Levy, Post, and van Vliet wrote an article in 2003 entitled Risk Aversion and Skewnes preference: A Comment. They were responding to the claim that selective application of ‘risk loving’ preferences could explain ad hoc anomalies, the current favourite academic explanation for all those anomalies (in finance, that’s most of the data).
However, if people are globally risk averse, so that ‘risk’ generally explains expected returns on things like the supposed equity risk premium, then to be consistent with a preference towards really high positive tail returns (eg, lottery tickets), you have risk premiums of trivial absolute amounts to this tail risk, around one-tenth the equity risk premium. You can get the signs to go the right way, but then you can’t get the relative magnitudes right.
Good economists never let theory constrain them, rather, theory is mainly used to play parochial status games and browbeat outsiders as to the very rigorous foundations of their opinions. I doubt a single financial economist who likes the skew rationale for anomalies cares about this inconsistency as it is rarely cited; ‘complete’ models always applied piecemeal.
It’s still useful to believe true things, it’s easy to explain them than untrue theories: unforeseen facts will also be consistent with true theories, making life a lot easier, and filled with comforting corroboration as opposed to ever more complex rationalizations. Case in point, the sultry sounding Carol Alexander and Dimitris Korovilas just wrote a delightful paper addressing the currently popular tactic of buying volatility (I love when English women say whilst).
The idea is like when a child makes a sundae given every option: they just add everything they like together. In this case, investors think that if they take everything that ‘worked’ and just add it to the mix, it dominates a single thing in their they like. So as volatility went way up in 2008 when the market crashed (like always), why not own equities and volatility? Win/win!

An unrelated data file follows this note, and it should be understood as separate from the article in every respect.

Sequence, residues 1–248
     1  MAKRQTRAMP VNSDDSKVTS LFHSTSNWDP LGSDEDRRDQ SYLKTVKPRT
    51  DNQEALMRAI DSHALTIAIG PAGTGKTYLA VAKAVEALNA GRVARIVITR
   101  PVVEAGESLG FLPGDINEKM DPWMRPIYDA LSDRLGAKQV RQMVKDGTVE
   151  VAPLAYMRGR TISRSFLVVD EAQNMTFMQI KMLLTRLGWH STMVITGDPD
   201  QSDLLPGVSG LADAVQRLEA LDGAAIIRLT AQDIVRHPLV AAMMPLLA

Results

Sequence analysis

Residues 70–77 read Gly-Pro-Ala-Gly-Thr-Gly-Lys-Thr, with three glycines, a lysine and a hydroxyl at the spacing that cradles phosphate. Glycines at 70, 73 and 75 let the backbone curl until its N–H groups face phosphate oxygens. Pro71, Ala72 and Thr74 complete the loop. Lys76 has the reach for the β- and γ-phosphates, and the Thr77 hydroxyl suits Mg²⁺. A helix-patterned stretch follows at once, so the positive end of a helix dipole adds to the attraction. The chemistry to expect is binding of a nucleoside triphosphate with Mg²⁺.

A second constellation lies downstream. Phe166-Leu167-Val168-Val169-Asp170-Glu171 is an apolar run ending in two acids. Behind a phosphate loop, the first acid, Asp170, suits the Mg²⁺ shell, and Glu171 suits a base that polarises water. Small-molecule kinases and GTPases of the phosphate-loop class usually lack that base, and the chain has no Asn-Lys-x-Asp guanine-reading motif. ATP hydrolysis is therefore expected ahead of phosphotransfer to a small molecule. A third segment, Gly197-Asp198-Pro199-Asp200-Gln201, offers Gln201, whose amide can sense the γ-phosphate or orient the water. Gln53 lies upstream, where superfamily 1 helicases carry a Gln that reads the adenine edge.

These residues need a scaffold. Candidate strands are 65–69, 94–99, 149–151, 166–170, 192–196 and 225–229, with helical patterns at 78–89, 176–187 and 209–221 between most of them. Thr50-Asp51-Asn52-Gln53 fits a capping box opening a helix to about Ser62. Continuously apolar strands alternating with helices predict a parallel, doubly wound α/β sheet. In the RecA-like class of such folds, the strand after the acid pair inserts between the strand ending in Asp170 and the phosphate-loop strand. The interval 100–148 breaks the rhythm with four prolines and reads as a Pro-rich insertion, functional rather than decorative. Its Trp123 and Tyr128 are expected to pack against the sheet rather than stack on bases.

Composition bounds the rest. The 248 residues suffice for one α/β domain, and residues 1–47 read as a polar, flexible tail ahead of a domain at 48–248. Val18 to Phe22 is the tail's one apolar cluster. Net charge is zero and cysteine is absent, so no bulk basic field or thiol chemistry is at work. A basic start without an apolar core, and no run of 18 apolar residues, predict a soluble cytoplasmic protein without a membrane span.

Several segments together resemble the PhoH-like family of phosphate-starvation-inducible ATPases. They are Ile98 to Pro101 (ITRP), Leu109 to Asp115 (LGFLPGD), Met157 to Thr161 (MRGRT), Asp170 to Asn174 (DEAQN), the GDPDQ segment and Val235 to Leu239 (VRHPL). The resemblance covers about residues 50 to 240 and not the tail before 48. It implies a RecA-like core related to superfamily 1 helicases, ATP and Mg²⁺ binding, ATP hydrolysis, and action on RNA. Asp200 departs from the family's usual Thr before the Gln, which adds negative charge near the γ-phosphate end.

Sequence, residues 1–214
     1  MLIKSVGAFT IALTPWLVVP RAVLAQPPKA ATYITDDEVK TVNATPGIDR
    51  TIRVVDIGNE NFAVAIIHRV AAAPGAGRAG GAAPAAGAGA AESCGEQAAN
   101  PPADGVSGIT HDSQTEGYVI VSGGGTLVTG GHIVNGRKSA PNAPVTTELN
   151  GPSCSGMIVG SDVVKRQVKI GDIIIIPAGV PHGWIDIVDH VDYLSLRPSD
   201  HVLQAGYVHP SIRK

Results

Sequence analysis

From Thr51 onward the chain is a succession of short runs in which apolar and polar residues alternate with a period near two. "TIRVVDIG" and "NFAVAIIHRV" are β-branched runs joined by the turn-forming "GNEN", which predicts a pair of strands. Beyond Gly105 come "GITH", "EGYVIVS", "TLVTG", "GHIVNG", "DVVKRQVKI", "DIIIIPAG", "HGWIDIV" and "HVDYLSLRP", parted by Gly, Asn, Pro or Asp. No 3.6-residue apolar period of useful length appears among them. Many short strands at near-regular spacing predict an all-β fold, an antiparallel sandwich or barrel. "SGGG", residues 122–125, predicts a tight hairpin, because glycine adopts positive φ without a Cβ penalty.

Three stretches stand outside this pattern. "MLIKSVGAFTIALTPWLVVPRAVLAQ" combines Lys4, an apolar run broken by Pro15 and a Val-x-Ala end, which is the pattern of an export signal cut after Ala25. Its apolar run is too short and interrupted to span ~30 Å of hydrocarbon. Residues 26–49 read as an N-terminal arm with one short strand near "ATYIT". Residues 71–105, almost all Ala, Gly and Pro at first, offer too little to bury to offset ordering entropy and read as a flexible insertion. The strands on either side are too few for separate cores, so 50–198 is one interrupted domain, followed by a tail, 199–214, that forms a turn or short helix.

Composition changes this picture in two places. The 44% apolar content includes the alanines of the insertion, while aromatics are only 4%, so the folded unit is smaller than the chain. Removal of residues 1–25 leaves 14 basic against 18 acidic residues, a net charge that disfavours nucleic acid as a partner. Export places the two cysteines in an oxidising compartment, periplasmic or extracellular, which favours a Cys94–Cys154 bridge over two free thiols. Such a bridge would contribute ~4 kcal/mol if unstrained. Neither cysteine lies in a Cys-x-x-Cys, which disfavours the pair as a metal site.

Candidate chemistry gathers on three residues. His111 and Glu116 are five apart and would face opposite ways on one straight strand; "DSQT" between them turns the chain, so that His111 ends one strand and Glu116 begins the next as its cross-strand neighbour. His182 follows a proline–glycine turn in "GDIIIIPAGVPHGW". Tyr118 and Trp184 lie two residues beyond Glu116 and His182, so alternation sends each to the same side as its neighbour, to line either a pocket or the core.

While the VXX as a volatility proxy is a disaster because its annualized return is 23% lower than that on the VIX index it targets due to contango, the problem with buying the VIX is much more fundamental because it just doesn’t make sense to buy the VIX to hedge an equity position. Say Alexander and Korvilas:
we ask whether it has ever been optimal to add a long VIX futures position to a long position on the SPY within the Markowitz framework. Then we ask: given that an investor is long SPY, how large does the expected return on VIX futures need to be in order to justify adding a long position on VIX to the SPY portfolio?
VIX futures expected returns always need to be positive (and often quite large) to justify volatility diversification for a long equity investor.
So, don’t ‘hedge’ your equity position with the VXX or going long the VIX futures, just lower your equity position. If you are long the VXX, fine, but you should expect the return on that to be positive because it’s a crappy pure hedge.
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